For members of the queer community, there are several unspoken and vital rules that come into play in many situations, mainly for you to not be assaulted or worse (and it's all too often worse). Make sure your movements are measured and fit within the realm of possible heterosexuality. Keep your music low and let no one hear who you listen to. Avoid every shred of anything stereotypically gay or feminine like the plague. Tell the truth without details when you can and tell half-truths with real details if you must. And above all, learn how to clear your search history. At twenty, I remember my days of teaching my puberty-stricken body the lessons I thought no one else was learning. Over time I learned the more subtle and more important lessons of what exactly gay culture is. Now a man with a head and social media accounts full of gay indicators, I find myself wondering both what it all means and more importantly, does it even matter?

To the question of whether it matters, the answer is naturally yes and no (and no, that's not my answer because I'm a Gemini). The month of June has the pleasure of being the time of year when the LGBT+ community embraces the hateful rhetoric and indulges in one of the deadly sins. Pride. Marsha P. Johnson and Sylvia Rivera, the figures at the head of the gay liberation movement, fought for something larger than themselves and as with the rest of the LGBT+ community, Pride is more than a parade of muscular white men dancing in their underwear. It's a time of reflection, of mourning, of celebration, of course, and most importantly, of hope. Pride is a time to look back at how far we've come and realize that there is still a far way to go.

This year marks fifty years since the Stonewall Riots and the gay liberation movement launched onto the world stage, thus making the learning and embracing of gay culture that much more important. The waves of queer people that come after the AIDS crisis has been given the task of rebuilding and redefining. The AIDS crisis was more than just that. It was Death itself stalking through the community with the help of Regan doing nothing. It was going out with friends and your circle shrinking faster than you can try or even care to replenish. Where do you go after the apocalypse? The LGBT+ community was a world shut off from access by a touch of death and now on the other side, we must weave in as much life as we can.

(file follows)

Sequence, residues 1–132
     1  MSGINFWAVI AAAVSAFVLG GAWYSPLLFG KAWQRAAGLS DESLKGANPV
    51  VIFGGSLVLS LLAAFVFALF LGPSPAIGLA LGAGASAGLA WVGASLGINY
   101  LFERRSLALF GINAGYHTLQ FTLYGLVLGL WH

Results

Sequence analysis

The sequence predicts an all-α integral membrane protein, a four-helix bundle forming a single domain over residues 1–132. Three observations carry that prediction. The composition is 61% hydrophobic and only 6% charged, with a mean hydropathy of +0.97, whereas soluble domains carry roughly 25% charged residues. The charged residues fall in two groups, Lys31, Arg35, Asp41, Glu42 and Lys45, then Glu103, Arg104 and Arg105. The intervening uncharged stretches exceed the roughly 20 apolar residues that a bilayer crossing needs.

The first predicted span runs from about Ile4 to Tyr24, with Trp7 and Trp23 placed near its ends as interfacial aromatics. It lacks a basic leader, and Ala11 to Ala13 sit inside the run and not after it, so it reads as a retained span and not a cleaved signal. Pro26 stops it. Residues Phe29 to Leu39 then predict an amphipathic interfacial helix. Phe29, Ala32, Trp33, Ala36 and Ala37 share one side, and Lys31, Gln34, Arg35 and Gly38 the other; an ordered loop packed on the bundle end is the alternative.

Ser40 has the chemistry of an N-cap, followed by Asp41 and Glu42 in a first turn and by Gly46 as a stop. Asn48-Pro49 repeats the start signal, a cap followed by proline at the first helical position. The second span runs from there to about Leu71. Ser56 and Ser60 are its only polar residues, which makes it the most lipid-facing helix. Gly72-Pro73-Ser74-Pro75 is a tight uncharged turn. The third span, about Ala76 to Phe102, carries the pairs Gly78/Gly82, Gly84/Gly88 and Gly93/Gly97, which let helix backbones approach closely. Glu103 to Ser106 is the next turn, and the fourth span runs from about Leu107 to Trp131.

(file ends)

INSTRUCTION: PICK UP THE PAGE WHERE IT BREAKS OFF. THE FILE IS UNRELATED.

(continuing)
But we can't freeze and dwell of this forever. It matters because that's where we came from, but it doesn't matter because that's not where we are anymore. We're in a time of rebirth and spring. The LGBT+ community can forge a new identity where the AIDS crisis is not the defining feature, rather a defining feature to be immortalized, mourned, and moved on from.

And to the question of what does it all mean? Well, it means that I'm gay and that I've learned the central lesson that all queer people should learn in middle school. It's called Pride for a reason. We have to shoulder the weight of it all and still hold our head high and we should. Pride is the LGBT+ community turning lemons into lemon squares and limoncello. The lemon squares are funeral cakes meant to mourn and be a familiar reminder of what passed, but the limoncello is the extravagant and intoxicating celebration of what is to come. This year I choose to combine the two and get drunk off funeral cakes. Something tells me that those who came before would've wanted me to celebrate.